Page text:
Though the facts are unclear, there is reason to believe that Ceccarelli’s punishment was quite literally overkill. According to Sari Kivistö in a recent articleit is possible that before execution he had his hand cut off, then he was suffocated, then he was burned at the stake. As Kivistö states, “the severe punishment came from the fact that Ceccarelli had cheated many important families and fabricated official documents, testaments and privileges, not just literary texts.” When he was condemned, his writings, letters and documents were confiscated.

From Alfonso Ceccarelli, Dell’historia di Casa Monaldesca (1580). Credit: Google Books

As Armando Petrucci details in the Treccani biographical dictionary, Ceccarelli’s “archive, containing part of the correspondence, manuscripts of his works, falsified documents and genuine documents, a diary, horoscopes for himself, relatives and third persons…was seized…today it constitutes the manuscripts Vat. lat. 12487 and 12488 of the Vatican Apostolic Library…but many of his works, autograph or copy, are contained in other manuscripts of the Vatican Apostolic Library and other libraries and archives of Italy.”

Kivistö explains that “some men who recognised the forgeries tried to have Ceccarelli’s books destroyed, but the texts were too popular, too widely read and stored in too many libraries; in a word, they were too successful to be destroyed. Thus, libraries preserved fake manuscripts along with genuine documents.”

Screenshot of one of Ceccarelli’s horoscopes (in this case, for his contemporary Michelangelo) at https://digi.vatlib.it/view/MSS_Vat.lat.14926

Other sources contribute more stories about Ceccarelli. He may—or may not—have been an astrologer to Pope Gregory XIII Boncompagni, and he may—or may not—have been the author of the Prophecies of St. Malachy, 112 short profiles that predicted the succession of the popes from Pope Celestine in the 12th century until the end of time. (Notably, the last pope covered by the prophecies has been identified with our current Pope Francis.) However, it is suggested Ceccarelli wrote all the prophecies in the hopes of influencing the papal conclave that would appoint the successor to Gregory XIII in favor of Cardinal Girolamo Simoncelli. It didn’t work then, but it has a lot of people now anticipating Armaggedon at any moment.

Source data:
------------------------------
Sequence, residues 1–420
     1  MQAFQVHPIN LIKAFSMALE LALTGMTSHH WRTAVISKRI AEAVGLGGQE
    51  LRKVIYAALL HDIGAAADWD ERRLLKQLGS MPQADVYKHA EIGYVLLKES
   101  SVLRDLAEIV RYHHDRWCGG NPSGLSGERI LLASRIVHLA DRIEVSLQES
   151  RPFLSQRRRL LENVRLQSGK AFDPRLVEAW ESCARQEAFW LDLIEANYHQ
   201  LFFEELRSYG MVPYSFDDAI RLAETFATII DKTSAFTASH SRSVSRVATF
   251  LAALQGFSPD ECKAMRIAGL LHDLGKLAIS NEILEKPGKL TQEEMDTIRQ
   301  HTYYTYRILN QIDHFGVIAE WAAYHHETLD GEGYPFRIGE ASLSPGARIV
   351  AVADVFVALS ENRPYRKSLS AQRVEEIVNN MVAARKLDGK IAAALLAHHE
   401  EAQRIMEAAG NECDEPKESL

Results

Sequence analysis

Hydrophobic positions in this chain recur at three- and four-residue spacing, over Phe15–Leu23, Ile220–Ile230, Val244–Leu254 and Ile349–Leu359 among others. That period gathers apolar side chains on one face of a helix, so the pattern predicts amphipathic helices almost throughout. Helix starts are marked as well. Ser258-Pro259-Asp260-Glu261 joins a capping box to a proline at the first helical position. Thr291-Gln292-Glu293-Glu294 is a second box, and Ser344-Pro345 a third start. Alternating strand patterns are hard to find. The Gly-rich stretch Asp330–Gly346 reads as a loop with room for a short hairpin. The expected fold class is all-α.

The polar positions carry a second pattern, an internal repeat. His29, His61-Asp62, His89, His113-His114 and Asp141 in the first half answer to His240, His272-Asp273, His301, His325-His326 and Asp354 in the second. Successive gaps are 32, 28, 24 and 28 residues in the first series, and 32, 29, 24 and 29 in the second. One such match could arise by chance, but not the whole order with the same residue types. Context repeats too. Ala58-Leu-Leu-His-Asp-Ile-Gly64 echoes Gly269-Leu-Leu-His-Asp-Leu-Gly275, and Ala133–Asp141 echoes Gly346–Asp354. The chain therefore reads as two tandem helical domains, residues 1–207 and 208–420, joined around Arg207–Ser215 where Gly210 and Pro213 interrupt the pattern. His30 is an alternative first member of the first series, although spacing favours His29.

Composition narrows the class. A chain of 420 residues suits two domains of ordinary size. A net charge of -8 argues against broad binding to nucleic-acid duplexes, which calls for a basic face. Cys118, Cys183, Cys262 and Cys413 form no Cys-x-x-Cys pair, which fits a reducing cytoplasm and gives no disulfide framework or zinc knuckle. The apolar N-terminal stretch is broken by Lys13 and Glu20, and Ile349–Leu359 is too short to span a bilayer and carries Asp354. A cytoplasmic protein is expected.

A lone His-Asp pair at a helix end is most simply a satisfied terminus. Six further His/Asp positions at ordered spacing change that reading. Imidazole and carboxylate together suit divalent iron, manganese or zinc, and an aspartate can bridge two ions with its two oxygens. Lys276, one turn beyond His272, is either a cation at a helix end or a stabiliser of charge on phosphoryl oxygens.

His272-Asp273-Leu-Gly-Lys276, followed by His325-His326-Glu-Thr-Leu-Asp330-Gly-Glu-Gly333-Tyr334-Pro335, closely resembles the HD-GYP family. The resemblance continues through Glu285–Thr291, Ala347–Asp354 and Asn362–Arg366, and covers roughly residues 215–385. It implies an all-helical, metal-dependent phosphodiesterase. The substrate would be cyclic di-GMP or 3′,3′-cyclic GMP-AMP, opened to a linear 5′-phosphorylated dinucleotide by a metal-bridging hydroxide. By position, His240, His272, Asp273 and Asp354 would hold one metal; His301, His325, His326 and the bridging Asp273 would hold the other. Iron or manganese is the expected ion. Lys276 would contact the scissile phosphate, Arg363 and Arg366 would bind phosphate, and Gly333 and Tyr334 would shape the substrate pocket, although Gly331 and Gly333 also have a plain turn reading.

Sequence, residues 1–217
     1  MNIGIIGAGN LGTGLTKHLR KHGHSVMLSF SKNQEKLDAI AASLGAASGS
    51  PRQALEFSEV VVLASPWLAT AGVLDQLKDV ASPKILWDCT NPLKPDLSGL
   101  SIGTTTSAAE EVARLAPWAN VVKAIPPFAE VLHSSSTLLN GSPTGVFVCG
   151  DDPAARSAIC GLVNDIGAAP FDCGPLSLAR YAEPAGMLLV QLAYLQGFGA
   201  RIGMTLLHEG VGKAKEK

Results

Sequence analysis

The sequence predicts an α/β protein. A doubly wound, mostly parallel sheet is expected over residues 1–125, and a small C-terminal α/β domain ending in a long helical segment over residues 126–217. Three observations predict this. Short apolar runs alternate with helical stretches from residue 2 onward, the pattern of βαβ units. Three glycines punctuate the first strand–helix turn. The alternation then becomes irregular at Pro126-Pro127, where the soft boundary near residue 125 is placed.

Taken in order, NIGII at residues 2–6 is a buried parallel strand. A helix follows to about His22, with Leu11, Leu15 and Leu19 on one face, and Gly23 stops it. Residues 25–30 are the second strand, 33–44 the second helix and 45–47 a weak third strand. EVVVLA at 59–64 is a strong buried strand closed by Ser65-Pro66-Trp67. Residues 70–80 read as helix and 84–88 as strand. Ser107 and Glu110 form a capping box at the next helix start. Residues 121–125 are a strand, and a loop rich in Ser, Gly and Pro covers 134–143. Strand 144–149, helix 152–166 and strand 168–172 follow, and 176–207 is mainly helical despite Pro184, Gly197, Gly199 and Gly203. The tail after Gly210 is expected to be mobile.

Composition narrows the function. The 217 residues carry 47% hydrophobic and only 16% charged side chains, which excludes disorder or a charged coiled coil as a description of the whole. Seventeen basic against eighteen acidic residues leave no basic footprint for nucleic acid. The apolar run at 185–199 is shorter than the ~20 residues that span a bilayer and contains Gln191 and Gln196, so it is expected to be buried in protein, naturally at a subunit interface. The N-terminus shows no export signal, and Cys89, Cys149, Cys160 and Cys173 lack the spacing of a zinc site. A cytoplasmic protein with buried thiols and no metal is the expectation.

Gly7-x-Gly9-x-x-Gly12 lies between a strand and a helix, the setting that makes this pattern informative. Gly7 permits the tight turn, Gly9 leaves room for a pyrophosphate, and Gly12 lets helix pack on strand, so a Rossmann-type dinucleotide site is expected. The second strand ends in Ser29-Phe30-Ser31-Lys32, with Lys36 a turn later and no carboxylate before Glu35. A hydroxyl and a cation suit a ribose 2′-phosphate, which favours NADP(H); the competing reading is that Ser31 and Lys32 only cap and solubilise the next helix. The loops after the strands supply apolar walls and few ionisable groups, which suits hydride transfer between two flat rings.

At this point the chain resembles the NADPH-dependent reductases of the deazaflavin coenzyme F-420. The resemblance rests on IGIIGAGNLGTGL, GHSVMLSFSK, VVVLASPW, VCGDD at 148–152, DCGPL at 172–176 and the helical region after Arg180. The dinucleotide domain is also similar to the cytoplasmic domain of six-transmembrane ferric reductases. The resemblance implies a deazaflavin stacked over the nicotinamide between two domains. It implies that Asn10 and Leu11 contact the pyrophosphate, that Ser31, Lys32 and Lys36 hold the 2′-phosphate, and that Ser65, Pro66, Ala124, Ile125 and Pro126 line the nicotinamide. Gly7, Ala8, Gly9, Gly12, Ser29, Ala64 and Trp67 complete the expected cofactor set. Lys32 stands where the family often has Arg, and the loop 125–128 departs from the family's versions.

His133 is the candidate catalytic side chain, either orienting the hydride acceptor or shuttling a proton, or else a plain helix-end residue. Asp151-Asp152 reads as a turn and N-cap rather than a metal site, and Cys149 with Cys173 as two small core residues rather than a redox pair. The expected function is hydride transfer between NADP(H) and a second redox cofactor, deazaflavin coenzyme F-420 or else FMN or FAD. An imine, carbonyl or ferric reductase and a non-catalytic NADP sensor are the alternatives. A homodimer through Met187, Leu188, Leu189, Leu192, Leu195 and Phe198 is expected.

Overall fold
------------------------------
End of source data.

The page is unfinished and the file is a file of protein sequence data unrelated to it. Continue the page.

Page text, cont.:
But back to our present document. Pietro Buonamici is writing in praise of Alfonso Ceccarelli in 1577, some years before that forger’s disgrace and execution. The two also seem to have had a strong personal link. In the Vatican manuscript copy of Ceccarelli’s treatise La serenissima nobiltà dell’alma città di Roma (Vat.Lat.4909), dated to June 1582, Buonamici contributes one of the three verse prefaces (called “Sonnets”).

Screenshot of Ceccarelli MS La Serenissima Nobiltà dell’Alma Città di Roma at https://digi.vatlib.it/view/MSS_Vat.lat.4909

To sum up. What we seem to have here in the 1619 La vera Genelogia dell’Antichissima Famiglia de Buoncompagni is an attempt by an outlier of the 17th century Boncompagni, Angelo Boncompagni, to both flatter the head of family, Gregorio Boncompagni, Duke of Sora, and also make the Arezzo branch seem highly relevant to the ancestry of the Duke’s grandfather, Pope Gregory XIII.

To make his case, Angelo Boncompagni did not hesitate to use discredited sources. Chief among them was Alfonso Ceccarelli (a.k.a. “Fanusio Campano”), glossing over the fact that in the reign of Gregory XIII he had been punished for his forgeries with a brutal execution. Angelo also transcribed two personal letters that a close associate of Ceccarelli, Pietro Buoncompagni, had written to his uncle Pietro Boncompagni.

Those letters contain many mysteries that, as of this writing, remain unsolved. In this telling, we have only touched on the relationship between Buonamici and Ceccarelli, and how they interpreted the historical record of the Boncompagni Ludovisi.

In Parts 2 and 3 of this post, we will turn our attention to others who delved into Boncompagni family history and sought to re-interpret the family symbol, the dragon. However, still future posts will re-visit these letters, in order to shed more light on the Buonamici/Ceccarelli connection and its relevance today for the Boncompagni Ludovisi.

Detail of cover of Angelo Boncompagni, La vera Genelogia dell’Antichissima Famiglia de Buoncompagni di Bologna, d’Arezzo and di Visso ò Fuligno (1619). Collection of HSH Prince Nicolo’ and HSH Princess Rita Boncompagni Ludovisi, Rome.